Thursday, March 1, 2012

Nomad Editions updates it three tablet magazine apps, now using the Mag+ platform, as the company's digital publishing philosophy continues to evolve

Nomad Editions has issued new app updates for its three magazine titles within the App Store: Uncorked, Real Eats, and BodySmart. All three iPads are now being built using the Mag+ digital publishing platform.
Despite the major change in publishing platforms, the publishing and pricing strategy will remain the same: each of the digital magazines are being published weekly (actually 48 times per year), and readers can buy monthly subscription for only $0.99, or an annual subscription for $9.99. (Quite the bargain.)

All three magazines can be found inside Apple's Newsstand, as well as online at the Nomad Editions website.

The Mag+ built digital magazines have a look that will be familiar to TNM readers who have seen other magazines built using the publishing solution. The magazines are easy to read, with scrolling text boxes and other features that are native to tablets. The issue of Uncorked that I downloaded weighed in at only 31.6MB, since it was only 28 pages (remember, its appearing weekly). But the magazine utilizes both portrait and landscape layouts and is, in my opinion, a major step in the right direction for the tablet editions.
Nomad Editions, founded by former media banker and Newsweek executive Mark Edmiston, has evolved dramatically since launching in December of 2010.

At that time the goal was to launch individual digital magazines using the Treesaver platform across all digital platforms. But the publishing philosophy has changed quickly, thanks to the launch of the iPad.

"It's sort of like George Patton – the battle plan is good until you start meeting the enemy – we've changed a lot," Edmiston told me this morning. "Originally when I started thinking about this, back in 2009, before we even formed the company, we were very much focused on the phones. We thought the iPhone was really where we wanted to be."

"I was like a lot of people who, when the iPad came out, I said 'nice, but it's just a big iPod touch.'" Edmiston said.

"What has happened in the two years since the tablet has come out … we came to the realization that the world had changed rather dramatically by this device. That people were using were it in a way that no one imagined," Edmiston admitted.

"For magazine-like products, the tablet is where you want to be."

But the change in thinking about tablets has also led to a change in thinking about what should be produced for smartphones.

"What is the product for a smartphone? It should not be looking like a magazine, it should look like something else," Edmiston concludes.

So the plan going forward is to launch new smartphone apps that play off the magazine's and Nomad's brand names, but will be something other than being strictly a digital magazine. The focus, however, will continue to be on the iOS platform.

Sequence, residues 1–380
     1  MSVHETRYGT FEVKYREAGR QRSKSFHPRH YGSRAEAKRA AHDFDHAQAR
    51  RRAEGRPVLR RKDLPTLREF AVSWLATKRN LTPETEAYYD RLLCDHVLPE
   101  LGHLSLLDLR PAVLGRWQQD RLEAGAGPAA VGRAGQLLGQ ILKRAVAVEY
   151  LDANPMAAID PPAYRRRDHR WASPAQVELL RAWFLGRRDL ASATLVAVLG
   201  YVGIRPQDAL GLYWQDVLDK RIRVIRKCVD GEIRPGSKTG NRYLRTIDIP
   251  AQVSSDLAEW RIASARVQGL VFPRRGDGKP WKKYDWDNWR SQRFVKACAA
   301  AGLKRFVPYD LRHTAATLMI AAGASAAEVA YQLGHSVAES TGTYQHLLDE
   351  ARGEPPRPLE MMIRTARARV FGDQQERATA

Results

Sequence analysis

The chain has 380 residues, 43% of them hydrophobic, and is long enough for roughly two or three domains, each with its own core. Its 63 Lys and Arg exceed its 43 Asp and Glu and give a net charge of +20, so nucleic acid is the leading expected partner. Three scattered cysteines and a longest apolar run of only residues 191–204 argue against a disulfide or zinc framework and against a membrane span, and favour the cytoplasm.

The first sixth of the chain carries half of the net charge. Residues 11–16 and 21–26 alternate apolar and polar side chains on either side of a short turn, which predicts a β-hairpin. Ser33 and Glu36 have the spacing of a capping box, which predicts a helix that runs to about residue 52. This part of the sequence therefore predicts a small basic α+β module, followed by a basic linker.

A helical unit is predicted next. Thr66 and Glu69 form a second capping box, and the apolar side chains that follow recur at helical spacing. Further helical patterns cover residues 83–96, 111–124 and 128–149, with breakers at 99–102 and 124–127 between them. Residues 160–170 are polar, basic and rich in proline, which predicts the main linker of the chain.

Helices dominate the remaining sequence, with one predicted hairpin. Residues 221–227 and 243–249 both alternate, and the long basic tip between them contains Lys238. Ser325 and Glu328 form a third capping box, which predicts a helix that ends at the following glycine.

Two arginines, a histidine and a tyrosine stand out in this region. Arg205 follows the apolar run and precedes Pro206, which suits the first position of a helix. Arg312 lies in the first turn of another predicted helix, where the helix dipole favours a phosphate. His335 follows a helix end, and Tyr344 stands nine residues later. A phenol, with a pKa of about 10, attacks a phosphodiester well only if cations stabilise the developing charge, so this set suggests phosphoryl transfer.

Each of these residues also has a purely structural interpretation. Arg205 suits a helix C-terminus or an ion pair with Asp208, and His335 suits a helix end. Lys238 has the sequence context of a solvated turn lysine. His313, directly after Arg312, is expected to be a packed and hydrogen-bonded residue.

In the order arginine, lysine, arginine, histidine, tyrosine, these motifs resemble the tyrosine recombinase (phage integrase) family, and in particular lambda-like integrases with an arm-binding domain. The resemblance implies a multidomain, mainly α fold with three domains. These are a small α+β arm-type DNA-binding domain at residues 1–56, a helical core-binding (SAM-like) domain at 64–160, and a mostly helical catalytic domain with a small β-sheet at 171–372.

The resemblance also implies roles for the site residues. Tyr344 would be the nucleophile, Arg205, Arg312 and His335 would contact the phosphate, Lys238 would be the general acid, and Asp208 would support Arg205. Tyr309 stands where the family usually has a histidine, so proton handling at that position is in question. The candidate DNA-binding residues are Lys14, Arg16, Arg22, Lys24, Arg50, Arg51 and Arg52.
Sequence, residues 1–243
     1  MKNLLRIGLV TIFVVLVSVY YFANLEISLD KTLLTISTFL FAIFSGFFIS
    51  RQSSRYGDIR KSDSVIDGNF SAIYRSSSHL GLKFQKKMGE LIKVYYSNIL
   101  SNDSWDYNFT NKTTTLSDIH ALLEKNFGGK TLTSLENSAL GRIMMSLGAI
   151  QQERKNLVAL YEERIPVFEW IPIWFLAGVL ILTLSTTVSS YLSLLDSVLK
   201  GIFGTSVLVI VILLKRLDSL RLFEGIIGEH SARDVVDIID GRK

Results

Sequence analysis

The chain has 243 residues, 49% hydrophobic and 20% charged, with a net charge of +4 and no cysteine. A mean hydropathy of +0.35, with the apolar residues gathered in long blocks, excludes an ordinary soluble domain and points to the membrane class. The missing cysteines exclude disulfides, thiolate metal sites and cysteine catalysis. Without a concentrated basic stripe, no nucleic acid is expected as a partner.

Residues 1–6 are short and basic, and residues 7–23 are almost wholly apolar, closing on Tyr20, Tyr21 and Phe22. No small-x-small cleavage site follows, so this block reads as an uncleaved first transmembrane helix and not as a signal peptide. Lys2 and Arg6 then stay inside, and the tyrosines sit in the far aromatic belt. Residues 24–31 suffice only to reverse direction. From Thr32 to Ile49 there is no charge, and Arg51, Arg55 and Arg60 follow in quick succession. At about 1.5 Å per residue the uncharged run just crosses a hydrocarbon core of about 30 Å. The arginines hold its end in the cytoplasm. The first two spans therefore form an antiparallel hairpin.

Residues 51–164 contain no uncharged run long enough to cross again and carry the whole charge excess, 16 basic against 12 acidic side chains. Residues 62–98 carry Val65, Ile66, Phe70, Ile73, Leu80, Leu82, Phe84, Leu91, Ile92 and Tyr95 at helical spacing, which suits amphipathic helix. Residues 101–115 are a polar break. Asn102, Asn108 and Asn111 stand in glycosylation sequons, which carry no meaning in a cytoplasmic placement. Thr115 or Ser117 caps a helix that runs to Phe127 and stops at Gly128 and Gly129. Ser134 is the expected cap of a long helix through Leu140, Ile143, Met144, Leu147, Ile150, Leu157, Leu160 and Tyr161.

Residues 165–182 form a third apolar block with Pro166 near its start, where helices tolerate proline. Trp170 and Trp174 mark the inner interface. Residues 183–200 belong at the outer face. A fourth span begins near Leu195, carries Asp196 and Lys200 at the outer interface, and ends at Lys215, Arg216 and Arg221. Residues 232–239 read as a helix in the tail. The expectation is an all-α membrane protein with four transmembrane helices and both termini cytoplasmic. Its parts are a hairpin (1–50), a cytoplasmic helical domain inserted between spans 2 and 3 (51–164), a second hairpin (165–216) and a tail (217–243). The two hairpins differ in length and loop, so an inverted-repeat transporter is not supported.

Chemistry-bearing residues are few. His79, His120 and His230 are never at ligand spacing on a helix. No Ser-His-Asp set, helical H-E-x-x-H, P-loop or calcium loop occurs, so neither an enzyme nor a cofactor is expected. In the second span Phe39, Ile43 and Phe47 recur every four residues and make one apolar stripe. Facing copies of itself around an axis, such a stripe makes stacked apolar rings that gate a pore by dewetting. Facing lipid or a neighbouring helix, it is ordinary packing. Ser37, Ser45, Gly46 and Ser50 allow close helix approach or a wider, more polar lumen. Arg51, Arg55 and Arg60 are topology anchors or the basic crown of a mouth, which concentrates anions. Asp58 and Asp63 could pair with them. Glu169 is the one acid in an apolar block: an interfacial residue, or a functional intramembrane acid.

"If you add iPhones to tablets (the iPad) you have the overwhelming market share, we don't feel compelled to be rushing out and to try and do a lot of different devices."

Left: the store page from Uncorked by Nomad Editions; Middle: a layout that utilizes scrolling with the story, as opposed to (Right) an article that has a text box that uses scrolling to access the content.

But Nomad Editions will be using Mag+ to roll out future Android editions, something that will happen because the company is branching out into custom publishing. Edmiston says the company is working with different companies such as Hemmings Motor News to create new digital publications.

This can happen because the company has been building out its own editorial and production capabilities. Edmiston said that Nomad is now "mostly an editorial operation."

"What we've accomplished is to create the infrastructure, the technology – and now improve the technology with Mag+ – and the human resources, if you will, to be able to take any kind of content… and convert that into a magazine on a tablet."

Edmiston said the biggest challenge his young company has faced is getting the new products. Without an established brand name, or an established base of readership, it is hard to break through the clutter of the App Store or Newsstand.

"The big issue we are facing, which is the problem with everyone going into it, is discovery," Edmiston admitted. "There is so much competition out there, it is really important that we try to get the best product. That's why we led ourselves to work with Mag+."

But these new custom publishing projects should be able to avoid the "discovery" issue because of their client's established brands and loyal customer bases.

So you can be sure that we'll check back in with Nomad when these new products start to roll out and appear online or inside the App Store or Android Market.

1 Comment:

Anonymous said...

I still can't imagine why someone would buy one of these magazines. People who read things online have an expectation that the content is up to date and current in almost real time. Not an electronic version of something printed, or in this case worse - something online that is mimicking the worse thing about print publishing (that is goes stale as soon as it is printed.

Also, its very hard to compete with free.